If you haven’t been living under a rock for the past five years, you will be well aware of the rise of Cryptocurrency in our everyday conversations and lexicon. However, if you have been stranded on a desert island without any access to the internet or cell service, let’s give you a quick recap.
Crypto is not a physical currency like the dollar or the pound, instead, it is binary data, designed to work as a medium of exchange, where a person purchases coins using their own currency. The coins are then securely stored in a computer database, behind a thick layer of code (cryptography, hence the name) to protect transaction records. Its lack of central authority or physical form means it’s become increasingly popular online, with certain tech giants such as Elon Musk and Mark Cuban advocating its use in everyday life.
So that’s a brief summary of what cryptocurrency is, but what we want to know is, how has cryptocurrency helped in the growth of the sports industry? Let’s have a look at just a few of the areas where it has had an impact on the betting odds.
Advertising has long been a huge part of the sports industry. Everything can be sponsored, from the shirts (including now the front and the sleeves) the hoardings surrounding the pitch/field, and even the stadium name itself. It is a key part of increasing revenue streams in an increasingly competitive market. Manchester United, owned by the Glazer family and arguably the biggest soccer team in the world, have secured partnerships all over the world, to help raise funds for transfers, with companies ranging from car manufacturers to noodle brands.
So it is no surprise to see Crypto appear in sports advertising. Inter Milan, who won Serie A (the premier Italian soccer league) last season, have ended a very long sponsorship deal with tyre company Pirelli and replaced them with Socios, a crypto exchange. Other top teams linked with Socios include Barcelona in Spain and Arsenal in England. eToro, a crypto-trading service, has partnered with a number of Premier League teams, such as Newcastle United, Leicester City and Tottenham Hotspur.
Staying in the world of Soccer, it has been interesting to see that AZ Alkmaar, the Dutch side, have formed a partnership with Bitcoin Meester, that sees not only crypto assets on their balance sheets but even playing their players in Bitcoin instead of Euros. This truly is a huge step in the involvement of Crypto in sports.
Formula 1 was synonymous in the 1970s and 80s with cigarette brands such as Malboro and Camel. Now, moving with the times, they’ve recently added Cryto.com to their sponsorship roster, in a deal worth up to $30 million.
Major League Baseball has also gotten in on the act, as they signed a long-term deal with FTX. Rumours have it that this deal is worth in excess of $18 billion. This incredibly lucrative deal, possibly more than any, shows how Crypto really is becoming a big part of advertising within the sports industry.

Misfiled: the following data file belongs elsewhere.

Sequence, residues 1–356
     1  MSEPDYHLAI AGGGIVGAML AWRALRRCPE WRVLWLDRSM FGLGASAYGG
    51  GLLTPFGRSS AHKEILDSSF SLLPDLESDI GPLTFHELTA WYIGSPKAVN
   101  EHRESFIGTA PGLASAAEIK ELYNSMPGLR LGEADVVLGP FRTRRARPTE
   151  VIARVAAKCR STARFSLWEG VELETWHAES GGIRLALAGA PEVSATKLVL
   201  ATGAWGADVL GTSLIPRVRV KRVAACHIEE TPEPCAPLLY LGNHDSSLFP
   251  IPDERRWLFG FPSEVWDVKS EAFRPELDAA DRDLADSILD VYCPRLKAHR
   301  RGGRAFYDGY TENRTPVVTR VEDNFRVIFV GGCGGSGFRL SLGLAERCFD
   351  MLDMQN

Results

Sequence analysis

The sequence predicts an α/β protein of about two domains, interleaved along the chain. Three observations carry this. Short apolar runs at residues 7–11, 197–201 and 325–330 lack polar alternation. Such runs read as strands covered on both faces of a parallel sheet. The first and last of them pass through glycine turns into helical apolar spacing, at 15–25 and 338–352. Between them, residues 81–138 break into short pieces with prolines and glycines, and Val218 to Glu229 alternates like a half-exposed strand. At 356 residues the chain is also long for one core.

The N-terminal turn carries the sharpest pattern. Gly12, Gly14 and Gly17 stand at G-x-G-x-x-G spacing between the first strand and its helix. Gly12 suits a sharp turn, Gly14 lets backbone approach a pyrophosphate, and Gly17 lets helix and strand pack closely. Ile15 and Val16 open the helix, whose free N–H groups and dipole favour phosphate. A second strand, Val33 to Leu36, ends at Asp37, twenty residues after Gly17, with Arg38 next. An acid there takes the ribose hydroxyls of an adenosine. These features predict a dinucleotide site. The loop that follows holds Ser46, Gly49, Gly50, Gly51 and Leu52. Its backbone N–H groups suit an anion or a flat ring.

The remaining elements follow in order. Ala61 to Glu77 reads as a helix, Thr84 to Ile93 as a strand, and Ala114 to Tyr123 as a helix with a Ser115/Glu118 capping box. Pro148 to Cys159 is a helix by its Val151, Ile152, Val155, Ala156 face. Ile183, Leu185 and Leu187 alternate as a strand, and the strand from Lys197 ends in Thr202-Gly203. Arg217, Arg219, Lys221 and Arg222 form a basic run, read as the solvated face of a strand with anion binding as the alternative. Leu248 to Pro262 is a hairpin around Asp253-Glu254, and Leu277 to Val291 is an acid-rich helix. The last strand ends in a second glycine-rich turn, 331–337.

Of course, sport is nothing without the fans. As we saw during the pandemic where crowds were, for the most part, kept out of stadiums and forced to watch from home. Every sport suffered & didn’t feel quite right, so it was a welcome return when the gates were opened and fans were back in the seats.
Their engagement is crucial. They want to be involved with decisions their teams and clubs make. This is why it has been interesting to monitor the rise of fan engagement tokens. These are digital vouchers that can be purchased and grant access to a member’s club. Here, fans can vote on this such as kit designs, picking charities for their teams to sponsor, or choosing names for stands or training grounds. They can also grant access to certain VIP events, that non-members can’t.
It isn’t like buying a stake or share in a team. Instead, offers a brand new way for fan’s voices to be heard and for them to engage with executives or board members that they’d never previously been able to contact. This is a relatively new innovation to most major sports, but given the desire for supporters to feel as included as possible, it is certainly an initiative that more teams are likely to investigate more over the next few years.
There will always be purists amongst fans who don’t like change in sport. They prefer the good old days, when things were simple and basic, and not ruined by money. However, given how much money there is in the sports industry in the modern age, it won’t shock anyone that clubs are moving in the direction of where the cash is. Cryptocurrency looks to be the flavour of the month, so expect to see the big trading platforms appearing even more frequently at matches and on jerseys.